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Bernardo Storace (17th century)
Four Passacaglias from Selva di Varie Compositioni D'Intavolatura per Cimbalo ed Organo (1664)

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ii+38 pp.


Passacaglias and Chaconnes...is there any baroque fan who doesn't enjoy them? This edition is a product of my own attraction to these hypnotically cyclical forms.

All that is known about Bernardo Storace comes from the elegantly decorated title page of the volume that was the source of these Passacaglias. He was the Vice Maestro di Cappella to the senate (ruling nobility) of Messina. The volume, printed in Venice in 1664, is his only known work. The original is a masterfully produced engraving. Page 19 of this edition shows an example, namely the page containing the end of the set in a and the beginning of the one in c. I have followed the conventions of the original as far as I felt was practical. The passacaglias occupy 28 consecutive pages out of a total of 100. They are presented here in the original order.

Staves. The lower staff had 7 lines with middle C the second one down; the upper, six with middle C the lowest. I changed these to conventional 5-line staves with bass and treble clefs. However, I've adhered to Storace's consistent division of notes between the staves according to which hand it to be used.

Beaming. There are no explicit articulation or phrase marks in the original, but the beaming (or lack thereof) almost certainly conveys messages about both, so it is reproduced verbatim.

Rests. Storace didn't account for all the time in the secondary lines. When he did use rests, they usually served one of two definite purposes, either to provide a bridge between a main beat and a delayed entrance, or to suggest when to get one hand out of the way to make room for the other. I saw no reason to add or delete any rests.

Key signatures. The sets in a and c stay in the same key throughout, while the others modulate several times, not returning to the original key. In many cases Storace used one fewer sharp or flat than we would today. In addition, in more distant keys he also omitted the b-flat or f-sharp from the signature. I adhered to the first anachronism but not the second.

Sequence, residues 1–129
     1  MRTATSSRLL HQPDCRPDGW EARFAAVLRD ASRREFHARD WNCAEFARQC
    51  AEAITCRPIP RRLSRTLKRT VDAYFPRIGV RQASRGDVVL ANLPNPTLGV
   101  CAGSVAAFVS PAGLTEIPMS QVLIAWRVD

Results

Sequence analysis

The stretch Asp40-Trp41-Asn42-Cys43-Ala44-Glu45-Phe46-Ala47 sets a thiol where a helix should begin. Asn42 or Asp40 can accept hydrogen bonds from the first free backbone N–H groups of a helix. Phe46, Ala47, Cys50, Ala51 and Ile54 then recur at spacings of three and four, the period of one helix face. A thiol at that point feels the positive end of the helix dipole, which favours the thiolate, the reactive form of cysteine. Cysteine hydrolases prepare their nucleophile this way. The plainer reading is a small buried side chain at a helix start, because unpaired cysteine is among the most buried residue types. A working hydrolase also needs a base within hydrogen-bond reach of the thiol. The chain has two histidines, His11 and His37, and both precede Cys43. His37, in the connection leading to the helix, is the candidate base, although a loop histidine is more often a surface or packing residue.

Accidentals could appear above, below or to the left of a note. Sometimes when above or below, the mark was horizontally centered between two notes and apparently applied to both. Aside from that curiosity, Storace use the standard conventions of his time: accidentals only applied to the next note (unless it was repeated), and they are relative, so for example a flat on a note that is sharped in the key signature is equivalent to a modern natural. While this is more logical in many ways than the modern method, I felt it was too unfamiliar to keep, so all accidentals have been converted to the modern convention.

Editorial additions. Editorial accidentals are situated above the staff, with or without a question mark depending on the degree of certainty. There are also cautionary accidentals (in parentheses) in places where as I played I felt a tendency to go wrong. In a very few spots there seemed to be notes missing; I added my suggestions as very small notes.

Timing. In the belief that esthetics and fidelity outweigh any possible discomfort due to unfamiliarity, I've retained three anachronistic features of the original that are related to timing. (1) All these pieces have bar lengths that are long by later standards. Although some editors would split bars in half, this would bisect many hemiolas. Also, to me, the long bars are reminders to conceive of the music in the largest possible groups. (2) In some sections, Storace used only open note heads, so for example what we would call a quarter note looks like an eighth note but with an open head. This notation suggests to me a smoothly flowing quality, and it is possible that it could imply something about the tempo. (3) The time signatures would not be correct by modern standards, but again may contain information about tempo.

Page turns. I looked for places where all notes could be played in one hand. I couldn't find enough to have one every two pages. But I did find at least one possible spot every three pages or less, and adjusted the score layout accordingly. For performance I suggest making a photocopy, taping pages back-to-back and/or side-to-side, and arranging them in a 3-ring notebook so that either 2 or 3 pages are visible at a time, each group ending with one of the feasible page turns. The "good" spots are at or very near the ends of pages 2, 5, 7, 13, 15, 21, 23, 25, 28, 33, and 35.

It is a pleasure to have become acquainted with these superb works, and a priviledge to present a personal edition of them, for anyone to play.

Don Simons
Redondo Beach, May 2000

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